Christmas Eve Memories
Before the Thanksgiving leftovers are put away, Christmas music permeates the radio airways. When else can one still hear Bing Crosby, Nat King Cole, Burl Ives, Brenda Lee, and Gene Autry in the regular rotation? Sure, contemporary artists occasionally come out with new Christmas fare, but rarely do they catch on and become annual favorites. Why do we love to hear these same old songs year after year after year? These old songs have a way of transporting us back in time where we recall pleasant memories of family and friends and days gone by.
The celebration of Christmas has always been special for children. The bright lights, presents under the tree, and the anticipation of Santa Claus coming on Christmas Eve make this the most wonderful time of the year for a child. We all have memories of a favorite Christmas. As we get older, it becomes more difficult to recapture the magic. There are very few of us Clark Griswold-types who still go to great lengths make each Christmas a source of new memories. Instead, the traditional carols and we heard as children take us back to that time of innocence. I suspect most of us would say Christmas was better years ago.
I remember when Christmas was really like that depicted in Jean Shepherd’s A Christmas Story or even Frank Capra’s A Wonderful Life. Our town had colored lights strung across the streets in real garland, made of cut evergreens boughs at a local business. What a treat to go downtown shopping at night the week before Christmas when all the stores stayed open until 9 o’clock. There were no shopping malls or big box stores back then. We would go from store to store, each one having a Christmas display in the front window, and clerks who would ask, “Can I help you?” when you entered.
The Christmas songs we heard back then are the same ones we hear today, resurrected each year along with the memories they invoke. Years from now, will people yearn for these Christmases of plastic greenery and light emitting diodes in the same way that I long for real aromatic arborvitae and old fashioned incandescent colored bulbs? Will they still be listening to these same old carols, or will the idea of roasting chestnuts on an open fire be meaningless to them? Come to think of it, I have never done it either.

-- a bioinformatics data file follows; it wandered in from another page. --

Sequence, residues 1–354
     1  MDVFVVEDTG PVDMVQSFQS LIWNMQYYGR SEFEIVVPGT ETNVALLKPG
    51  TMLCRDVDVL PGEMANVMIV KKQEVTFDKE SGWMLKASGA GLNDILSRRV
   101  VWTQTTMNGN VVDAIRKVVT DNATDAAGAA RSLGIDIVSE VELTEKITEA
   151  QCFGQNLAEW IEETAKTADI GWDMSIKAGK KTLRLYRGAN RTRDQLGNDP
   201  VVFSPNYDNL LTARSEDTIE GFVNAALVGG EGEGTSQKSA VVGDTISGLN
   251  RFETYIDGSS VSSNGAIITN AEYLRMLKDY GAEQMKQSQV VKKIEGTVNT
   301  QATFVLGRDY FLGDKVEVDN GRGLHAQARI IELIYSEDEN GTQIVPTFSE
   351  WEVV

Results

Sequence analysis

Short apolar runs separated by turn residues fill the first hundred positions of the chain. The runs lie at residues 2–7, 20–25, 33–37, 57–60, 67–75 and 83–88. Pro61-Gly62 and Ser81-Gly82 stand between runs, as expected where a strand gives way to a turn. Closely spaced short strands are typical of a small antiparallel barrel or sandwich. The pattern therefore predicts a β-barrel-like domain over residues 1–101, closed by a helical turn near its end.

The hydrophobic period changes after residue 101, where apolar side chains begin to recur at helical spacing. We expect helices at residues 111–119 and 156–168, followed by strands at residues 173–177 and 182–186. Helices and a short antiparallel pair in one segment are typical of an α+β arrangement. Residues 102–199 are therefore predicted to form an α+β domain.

My favorite Christmas presents were a Lionel Train and a Tonka Fire Truck. I never had the Red Ryder BB Gun like Ralphie in A Christmas Story, but I did have the Mattel Fanner-50 Cap Gun with Safe-shootin’ Shells and Greenie Stickum Caps. Such toys are no longer politically correct to give children, yet they are apparently allowed to play very violent video games. A co-worker of mine recently told of his wife standing in line with their son several hours before midnight, in the cold, on a school night, so he could purchase the first release of a new video game requiring parental consent due to its violent nature. I wonder how many such games will be under Christmas trees this year.
This same family creates their Christmas memories by spending extravagant amounts of money (at least by my standards) on their two teenage boys. This year, they are each getting new flat-screen televisions, and new top-of-the-line cell phones. Last month, one of the boys had over 4000 text messages on the phone bill. Amidst unwrapping all these expensive presents, I wonder if they ever think about what they are celebrating. They never go to church and probably have little idea of who Jesus Christ is or what He did for them. They boys rarely have any need for clothes other than blue jeans or shorts. When it comes time for school pictures, mom buys them nice clothes for the occasion and then returns them afterwards. The father has some Catholic background, but does not appear interested in practicing his faith or instructing his children. I gave him a copy of Pillar of Fire, Pillar of Truth one day trying to plant a seed. He knows I am Catholic and I try to lead a good example in his presence, but the rest is up to the Holy Spirit.
One of the best ways to create Christmas memories for children is to take them to Midnight Mass. Most of them will not get much sleep the night before Christmas anyway, and most Catholic parishes make Midnight Mass a special celebration with caroling and the Blessing of the Manger. Making this a family tradition can go a long way in keeping the Christmas spirit centered on Christ. My family and I will be going to Midnight Mass in a few minutes.
Getting into the Christmas spirit has been unusually difficult in our little community this year. We have had many funerals take place in the place couple of weeks, including a 28 year-old father, a teenage girl with cancer, and a 10 year-old child. Several families have been hit especially hard and knowing they are hurting puts a damper on everyone’s celebration. Nonetheless, we cannot lose sight of the importance of making Christmastime memorable for children while keeping it in the proper Christ-centered prospective. We never know how many opportunities we will have.